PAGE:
NEWS21 May 2010

Pew finds regular non-coverage bias in landline-only phone samples

Features North America

US— With one in four American homes cell-only, Pew Research warns that “non-coverage bias is now appearing regularly in landline telephone samples”.

Pew sounded the alarm in an update to its ongoing study comparing the results of surveys fielded to landline-only samples and combined landline and cellphone samples.

The latest report, published this week, analyses a host of surveys conducted in the second half of 2009 and in the first half of this year.

Of 72 questions examined, Pew says 43 show differences between the two samples of up to two percentage points. A further 29 differences are of three percentage points or more – “all of which are statistically significant”, says Pew.

“For some estimates, even a small amount of bias may have important substantive consequences for the political or social implications of the research,” say report authors Leah Christian, Scott Keeter, Kristen Purcell and Aaron Smith. “Since the decline of landline coverage has not been uniform across demographic groups, non-coverage bias among certain subgroups may be even larger than for the full sample.”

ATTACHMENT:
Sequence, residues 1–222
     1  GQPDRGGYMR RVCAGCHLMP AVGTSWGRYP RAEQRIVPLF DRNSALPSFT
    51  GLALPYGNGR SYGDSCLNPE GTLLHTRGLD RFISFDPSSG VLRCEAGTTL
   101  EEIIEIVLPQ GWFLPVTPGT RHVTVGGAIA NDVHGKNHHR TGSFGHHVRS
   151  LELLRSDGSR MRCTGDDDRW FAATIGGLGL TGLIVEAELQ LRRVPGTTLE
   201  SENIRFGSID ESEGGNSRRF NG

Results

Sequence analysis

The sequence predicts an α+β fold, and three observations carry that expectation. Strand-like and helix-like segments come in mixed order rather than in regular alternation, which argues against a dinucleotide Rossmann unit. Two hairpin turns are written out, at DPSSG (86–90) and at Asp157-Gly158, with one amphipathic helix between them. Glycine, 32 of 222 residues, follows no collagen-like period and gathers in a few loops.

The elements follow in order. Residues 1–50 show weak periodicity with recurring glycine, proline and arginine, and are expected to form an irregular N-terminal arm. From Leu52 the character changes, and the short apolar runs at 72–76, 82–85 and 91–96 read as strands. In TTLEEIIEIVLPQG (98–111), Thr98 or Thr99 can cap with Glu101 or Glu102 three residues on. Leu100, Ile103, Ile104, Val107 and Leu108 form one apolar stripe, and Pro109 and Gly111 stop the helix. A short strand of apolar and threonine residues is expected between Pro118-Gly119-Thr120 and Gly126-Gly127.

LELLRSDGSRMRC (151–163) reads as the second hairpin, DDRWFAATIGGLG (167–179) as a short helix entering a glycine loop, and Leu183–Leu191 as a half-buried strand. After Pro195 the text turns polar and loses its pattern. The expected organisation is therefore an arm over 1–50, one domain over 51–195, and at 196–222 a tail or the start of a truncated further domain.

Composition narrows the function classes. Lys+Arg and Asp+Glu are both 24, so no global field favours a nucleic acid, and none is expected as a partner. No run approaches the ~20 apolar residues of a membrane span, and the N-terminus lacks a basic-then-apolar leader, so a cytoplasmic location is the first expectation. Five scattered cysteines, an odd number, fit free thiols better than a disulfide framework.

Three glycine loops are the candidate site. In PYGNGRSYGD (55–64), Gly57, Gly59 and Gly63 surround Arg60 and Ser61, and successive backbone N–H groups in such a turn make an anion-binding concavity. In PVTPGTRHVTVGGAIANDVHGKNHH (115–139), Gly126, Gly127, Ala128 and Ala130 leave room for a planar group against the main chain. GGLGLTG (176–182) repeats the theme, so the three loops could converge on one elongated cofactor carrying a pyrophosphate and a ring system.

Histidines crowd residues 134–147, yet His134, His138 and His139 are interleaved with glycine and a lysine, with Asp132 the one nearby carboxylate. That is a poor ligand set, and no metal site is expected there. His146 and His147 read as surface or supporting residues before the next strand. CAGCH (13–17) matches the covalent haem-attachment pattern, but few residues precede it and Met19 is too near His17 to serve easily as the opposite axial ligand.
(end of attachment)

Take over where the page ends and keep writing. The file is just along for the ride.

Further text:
Pew gives the example of a survey of wireless internet use. In landline surveys, wireless usage is underestimated by two percentage points, but the bias is eight points among African Americans.

Other differences include a tendency towards more liberal views on social values and certain lifestyle behaviours in the dual landline and cellphone sample, while estimates of gun ownership are four points higher in the landline sample.

Pew’s research is available for download here. The latest report from the National Centre for Health Statistics, which revealed that the numbers of cell-only homes had risen from 22.7% in the first half of 2009 to 25% in the second half, was published last week.